Rochester Fosgate is not the name of a band,
but rather is the alter-ego of musician Kevin Fullerton. He's
based out of Seattle, apparently, and plays light Indie pop
with a quirkiness about it. His music as heard on this self-titled
recording, is slightly acoustic although it does have some force
about it. And although the afore-mentioned quirkiness gets a
bit thick at times, Rochester Fosgate is a fun
There aren't really any liner notes to the album, but I think
that Fullerton/Fosgate pays most, if not all, of the instruments.
And, if he did in fact do that, I have to compliment the guy.
Normally if there's only one person in a band you hear various
mistakes, bad mixes, and missed notes. But this album sounds
really nice, as if he were indeed a full one man band. In this
sense, it reminds me a bit of the time I saw The Lonesome Organist
in concert, although this is a bit lighter in tone and less
raucous by nature.
The album begins with Rotate Freely, a little semi-acoustic number with brushed drumming, a pretty bassline, and alternating higher/lower male vocals (as if there were two singers) on the chorus. It sounds a bit like some retro acoustic singer meeting The Dream Academy, albeit without a xylophone, but you get the idea. Parents' Mistakes comes next, and features a country-esque, yet light, psychedelia feel, as if perhaps one of the old Elephant Six bands had unplugged, and gone West. The voice is very prominent in the mix, and, at one point, the dual vocal lines (which again I think are both Fosgate) try to harmonize with each other. And they almost get it right….which, if you think of it as someone attempting to harmonize with himself, is just off enough to be endearing. And cute.
There, I said it. I hate to the use the word, because it doesn't have any real meaning. Cute is a word I reserve for small kittens, and…well, that's about it, except, perhaps, slightly earnest Indie Rock musicians. And Rochester Fosgate, with the stray harmonies, happy tone, and fairly light instrumentation just screams earnest Indie Rock musician. So, it's cute. And that is neither ironic, nor an insult.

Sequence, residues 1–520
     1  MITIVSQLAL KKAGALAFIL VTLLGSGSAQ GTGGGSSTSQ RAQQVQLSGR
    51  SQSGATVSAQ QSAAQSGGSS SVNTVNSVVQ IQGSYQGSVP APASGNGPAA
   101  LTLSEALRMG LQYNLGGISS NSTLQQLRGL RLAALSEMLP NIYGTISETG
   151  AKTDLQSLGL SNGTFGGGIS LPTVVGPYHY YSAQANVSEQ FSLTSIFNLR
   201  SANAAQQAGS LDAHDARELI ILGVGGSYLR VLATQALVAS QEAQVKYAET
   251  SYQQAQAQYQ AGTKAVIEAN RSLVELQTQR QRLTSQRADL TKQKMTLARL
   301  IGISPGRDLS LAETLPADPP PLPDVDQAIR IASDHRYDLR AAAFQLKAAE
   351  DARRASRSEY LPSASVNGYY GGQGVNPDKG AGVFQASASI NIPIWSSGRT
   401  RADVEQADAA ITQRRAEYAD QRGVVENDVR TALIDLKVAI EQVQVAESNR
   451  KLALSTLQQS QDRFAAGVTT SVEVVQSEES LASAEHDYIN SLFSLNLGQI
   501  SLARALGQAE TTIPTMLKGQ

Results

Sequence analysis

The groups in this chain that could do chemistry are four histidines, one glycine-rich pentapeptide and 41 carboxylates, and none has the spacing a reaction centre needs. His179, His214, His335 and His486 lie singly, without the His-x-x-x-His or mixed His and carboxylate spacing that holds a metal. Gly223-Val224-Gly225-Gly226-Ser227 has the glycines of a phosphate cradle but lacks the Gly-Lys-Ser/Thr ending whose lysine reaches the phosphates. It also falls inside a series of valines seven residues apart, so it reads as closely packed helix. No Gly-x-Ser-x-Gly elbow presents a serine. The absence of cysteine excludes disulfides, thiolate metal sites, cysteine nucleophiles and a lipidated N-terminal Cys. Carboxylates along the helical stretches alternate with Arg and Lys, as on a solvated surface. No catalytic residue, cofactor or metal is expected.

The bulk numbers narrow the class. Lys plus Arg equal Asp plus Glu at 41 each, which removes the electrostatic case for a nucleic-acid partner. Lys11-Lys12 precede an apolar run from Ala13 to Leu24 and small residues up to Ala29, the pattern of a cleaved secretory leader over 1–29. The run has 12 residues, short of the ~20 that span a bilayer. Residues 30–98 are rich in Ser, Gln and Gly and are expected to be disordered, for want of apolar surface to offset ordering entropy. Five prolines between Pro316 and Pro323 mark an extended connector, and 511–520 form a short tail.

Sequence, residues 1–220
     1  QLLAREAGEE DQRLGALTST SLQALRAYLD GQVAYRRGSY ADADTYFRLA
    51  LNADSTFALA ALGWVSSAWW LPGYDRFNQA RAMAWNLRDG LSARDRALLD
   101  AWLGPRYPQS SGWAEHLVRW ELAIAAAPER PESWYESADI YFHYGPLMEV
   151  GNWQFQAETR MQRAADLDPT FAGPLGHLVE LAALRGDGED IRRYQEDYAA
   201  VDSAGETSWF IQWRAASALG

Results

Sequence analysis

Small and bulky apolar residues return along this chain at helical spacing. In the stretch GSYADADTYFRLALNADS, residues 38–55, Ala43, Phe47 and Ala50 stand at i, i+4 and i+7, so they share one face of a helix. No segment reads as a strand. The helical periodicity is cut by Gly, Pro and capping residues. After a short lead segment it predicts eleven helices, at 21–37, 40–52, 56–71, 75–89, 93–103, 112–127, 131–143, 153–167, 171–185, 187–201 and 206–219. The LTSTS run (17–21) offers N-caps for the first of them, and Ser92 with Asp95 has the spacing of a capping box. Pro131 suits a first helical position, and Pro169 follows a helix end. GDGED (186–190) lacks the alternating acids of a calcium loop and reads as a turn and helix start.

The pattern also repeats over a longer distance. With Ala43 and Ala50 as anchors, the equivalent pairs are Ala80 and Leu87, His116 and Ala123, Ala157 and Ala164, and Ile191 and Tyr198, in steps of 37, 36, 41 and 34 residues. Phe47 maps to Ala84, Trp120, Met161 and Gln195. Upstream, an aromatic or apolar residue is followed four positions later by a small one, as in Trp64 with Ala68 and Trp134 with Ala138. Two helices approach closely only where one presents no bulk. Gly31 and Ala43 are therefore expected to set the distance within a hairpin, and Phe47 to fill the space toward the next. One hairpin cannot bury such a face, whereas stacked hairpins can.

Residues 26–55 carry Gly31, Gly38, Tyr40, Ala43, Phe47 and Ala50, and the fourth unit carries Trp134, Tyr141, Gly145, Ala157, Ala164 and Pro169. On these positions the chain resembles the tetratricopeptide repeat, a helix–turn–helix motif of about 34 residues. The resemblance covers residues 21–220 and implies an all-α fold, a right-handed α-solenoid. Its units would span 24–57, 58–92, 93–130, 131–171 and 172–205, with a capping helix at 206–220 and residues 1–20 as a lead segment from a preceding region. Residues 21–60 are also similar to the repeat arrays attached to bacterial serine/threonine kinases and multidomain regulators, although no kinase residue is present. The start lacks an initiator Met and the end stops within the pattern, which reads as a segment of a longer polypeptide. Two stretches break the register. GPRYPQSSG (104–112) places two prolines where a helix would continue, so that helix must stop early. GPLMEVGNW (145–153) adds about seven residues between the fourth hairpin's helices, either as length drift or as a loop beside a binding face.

Anyway, with that little rant aside, the rest of Rochester
Fosgate continues in mostly the same vein. Black
Asphalt is another country-esque tune that reminds me vocally
of The Kingston Trio (thanks, Mom and Dad!). In contrast, One
Way Streets comes across more like early The Wedding Present,
albeit with an acoustic focus and a summery pop sound. And Geologic
Time bridges the gap between acoustic 60s style singer/songwriter
and the more psychedelic work of the 70, with guitar arpeggios
that could recall Stairway to Heaven. It's also the one
song when you can clearly hear the transition between the higher
and local vocal lines
Of course, not all the songs on the album are equally good. Hold 'Em just seems a little blah after the fun of the first four songs. More importantly, My Friend Greg takes quirkiness to an extreme, with the lower vocals sounding suspiciously gothy and drone-y as he repeats the line regarding, "my friend Greg." Finally, Arm and Hesher just doesn't quite match the tone of the rest of the album. It's more of a 70s rock tune, which of course led me at first to think that perhaps this entire album is an elaborate homage to the career of Marc Bolan. But that's another rant, with which I won't bother you. But I have to say the rock thing is completely out of place of this album.
Still, in the end, Rochester Fosgate is a oddly
unexpectedly good album. It doesn't necessarily grab or charm
you on the first listen. But as you sit there, with it going
in the background, you'll find it hummable and pleasant. And
if you decide to examine it more closely, you'll find things
more charming and…yes….cute. So, it might not be the best thing
you've heard all year, but it is a really fun diversion.